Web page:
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Minerva Urologica e Nefrologica 2019 October;71(5):516-23

DOI: 10.23736/S0393-2249.19.03401-5


language: English

Body Mass Index and prostatic-specific antigen are predictors of prostate cancer metastases in patients undergoing robot-assisted radical prostatectomy and extended pelvic lymph node dissection

Antonio B. PORCARO 1 , Alessandro TAFURI 1, 2, Marco SEBBEN 1, Tania PROCESSALI 1, Marco PIROZZI 1, Nelia AMIGONI 1, Riccardo RIZZETTO 1, Aliasger SHAKIR 2, Giovanni E. CACCIAMANI 2, Matteo BRUNELLI 3, Salvatore SIRACUSANO 1, Maria Angela CERRUTO 1, Walter ARTIBANI 1

1 Department of Urology, Azienda Ospedaliera Universitaria Integrata Verona, University of Verona, Verona, Italy; 2
Catherine & Joseph Aresty Department of Urology, USC Institute of Urology, Keck School of Medicine, University of Southern California, Los Angeles, CA, USA; 3 Department of Pathology, Azienda Ospedaliera Universitaria Integrata Verona, University of Verona, Verona, Italy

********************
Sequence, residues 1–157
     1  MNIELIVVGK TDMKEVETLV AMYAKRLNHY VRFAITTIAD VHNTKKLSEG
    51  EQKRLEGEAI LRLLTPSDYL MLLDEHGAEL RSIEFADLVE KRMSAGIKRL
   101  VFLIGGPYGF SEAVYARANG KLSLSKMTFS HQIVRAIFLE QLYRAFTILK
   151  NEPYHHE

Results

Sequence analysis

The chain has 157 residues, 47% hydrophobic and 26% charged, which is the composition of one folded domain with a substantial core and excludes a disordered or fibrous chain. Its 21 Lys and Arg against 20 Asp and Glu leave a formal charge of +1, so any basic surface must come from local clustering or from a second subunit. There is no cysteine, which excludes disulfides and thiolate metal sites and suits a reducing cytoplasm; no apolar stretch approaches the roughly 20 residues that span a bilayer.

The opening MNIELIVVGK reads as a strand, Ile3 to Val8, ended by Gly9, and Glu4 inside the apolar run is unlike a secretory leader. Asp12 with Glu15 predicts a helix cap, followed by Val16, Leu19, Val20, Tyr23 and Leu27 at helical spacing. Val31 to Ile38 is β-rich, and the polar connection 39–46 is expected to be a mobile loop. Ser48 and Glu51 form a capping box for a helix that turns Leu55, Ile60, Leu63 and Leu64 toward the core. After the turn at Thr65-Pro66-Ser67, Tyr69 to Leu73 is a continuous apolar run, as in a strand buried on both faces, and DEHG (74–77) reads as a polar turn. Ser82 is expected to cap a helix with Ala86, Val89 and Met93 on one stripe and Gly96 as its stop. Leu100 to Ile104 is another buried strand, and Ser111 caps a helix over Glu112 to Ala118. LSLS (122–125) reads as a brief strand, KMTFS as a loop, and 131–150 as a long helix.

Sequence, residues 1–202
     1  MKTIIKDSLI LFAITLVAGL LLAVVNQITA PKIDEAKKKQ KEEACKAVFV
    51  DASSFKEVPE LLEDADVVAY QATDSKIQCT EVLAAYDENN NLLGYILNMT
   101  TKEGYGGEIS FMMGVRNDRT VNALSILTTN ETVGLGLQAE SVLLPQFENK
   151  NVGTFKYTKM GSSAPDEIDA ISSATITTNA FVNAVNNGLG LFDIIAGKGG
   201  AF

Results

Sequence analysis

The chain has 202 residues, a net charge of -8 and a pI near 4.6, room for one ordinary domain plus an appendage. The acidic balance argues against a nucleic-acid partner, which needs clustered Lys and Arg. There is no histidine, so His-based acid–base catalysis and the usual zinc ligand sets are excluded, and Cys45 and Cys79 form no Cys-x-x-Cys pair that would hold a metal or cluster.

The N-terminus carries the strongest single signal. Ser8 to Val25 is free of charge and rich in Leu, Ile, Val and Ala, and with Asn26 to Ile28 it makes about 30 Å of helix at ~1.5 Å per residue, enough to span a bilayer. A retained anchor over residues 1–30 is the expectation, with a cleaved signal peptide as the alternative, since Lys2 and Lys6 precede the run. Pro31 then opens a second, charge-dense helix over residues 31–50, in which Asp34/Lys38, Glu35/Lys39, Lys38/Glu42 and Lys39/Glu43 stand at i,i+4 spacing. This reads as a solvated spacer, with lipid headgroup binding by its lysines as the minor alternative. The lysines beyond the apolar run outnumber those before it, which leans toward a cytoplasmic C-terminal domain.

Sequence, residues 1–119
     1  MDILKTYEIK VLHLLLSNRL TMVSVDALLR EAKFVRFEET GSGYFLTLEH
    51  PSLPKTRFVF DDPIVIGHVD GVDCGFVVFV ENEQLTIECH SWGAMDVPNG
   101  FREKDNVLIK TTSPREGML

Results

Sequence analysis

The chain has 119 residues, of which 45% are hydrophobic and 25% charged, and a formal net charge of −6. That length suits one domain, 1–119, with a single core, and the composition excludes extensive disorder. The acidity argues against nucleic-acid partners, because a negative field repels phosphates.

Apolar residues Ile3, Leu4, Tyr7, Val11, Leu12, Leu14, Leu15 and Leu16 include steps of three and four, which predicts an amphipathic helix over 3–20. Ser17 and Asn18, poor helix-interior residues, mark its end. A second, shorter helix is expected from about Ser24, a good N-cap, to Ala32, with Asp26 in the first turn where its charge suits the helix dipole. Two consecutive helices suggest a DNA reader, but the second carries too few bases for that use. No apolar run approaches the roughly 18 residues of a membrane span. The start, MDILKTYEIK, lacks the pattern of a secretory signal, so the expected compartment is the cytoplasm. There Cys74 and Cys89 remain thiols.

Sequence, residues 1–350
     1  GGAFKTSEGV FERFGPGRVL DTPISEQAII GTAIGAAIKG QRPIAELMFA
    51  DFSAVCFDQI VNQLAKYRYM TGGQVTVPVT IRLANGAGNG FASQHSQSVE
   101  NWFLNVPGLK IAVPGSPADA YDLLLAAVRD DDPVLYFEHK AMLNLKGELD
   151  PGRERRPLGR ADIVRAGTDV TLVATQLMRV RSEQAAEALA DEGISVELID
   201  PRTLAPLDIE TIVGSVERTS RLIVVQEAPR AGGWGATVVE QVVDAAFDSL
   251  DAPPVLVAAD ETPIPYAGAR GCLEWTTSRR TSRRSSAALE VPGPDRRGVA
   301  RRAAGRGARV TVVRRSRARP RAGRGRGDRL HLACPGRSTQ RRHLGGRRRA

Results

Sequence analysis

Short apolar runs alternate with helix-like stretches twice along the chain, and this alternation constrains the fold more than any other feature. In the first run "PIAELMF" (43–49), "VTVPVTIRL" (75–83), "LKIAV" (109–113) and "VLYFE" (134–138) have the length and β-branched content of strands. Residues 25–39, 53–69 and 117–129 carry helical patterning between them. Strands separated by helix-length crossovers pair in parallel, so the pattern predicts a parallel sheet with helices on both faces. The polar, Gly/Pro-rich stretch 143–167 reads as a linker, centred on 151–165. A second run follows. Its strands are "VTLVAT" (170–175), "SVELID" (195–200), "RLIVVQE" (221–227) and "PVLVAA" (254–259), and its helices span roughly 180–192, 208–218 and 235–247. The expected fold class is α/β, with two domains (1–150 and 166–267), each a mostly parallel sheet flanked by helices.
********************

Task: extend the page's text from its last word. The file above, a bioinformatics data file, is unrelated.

BACKGROUND: The aim of this study was to investigate the risk factors contributing to multiple lymph node invasion (LNI) in patients with prostate cancer (PCa) undergoing extended pelvic lymph node dissection (ePLND) during robot assisted radical prostatectomy (RARP).
METHODS: A total of 211 patients who underwent RARP and ePNLD from June 2013 to March 2017 were classified according to lymph node status in the surgical specimen (absent, single or multiple). Risk factors of LNI were evaluated by the multinomial logistic regression model. A receiver operating characteristic (ROC) curve and area under the curve (AUC) were used to assess the efficacy of factors and model evaluation.
RESULTS: On multivariate analysis, the risk of multiple LNI, was independently increased by Body Mass Index (BMI) (odds ratio [OR] 1.194; P=0.026) and prostate-specific antigen (PSA) (OR=1.089; P=0.014) when compared to patients without LNI. ROC curves indicated that both BMI (AUC=0.702) and PSA (AUC=0.732) had fair discrimination power. For each unit of increase in PSA, the odds of multiple lymph node invasion increased by 8.9% and for each unit increase of BMI, the odds of multiple LNI increased by 19.4%.
CONCLUSIONS: The risk of multiple LNI was independently predicted by PSA and BMI with fair discrimination power.

KEY WORDS: Prostatic neoplasms; Body Mass Index; Lymph node excision; Robot surgical procedures; Prostatectomy; Neoplasm metastasis

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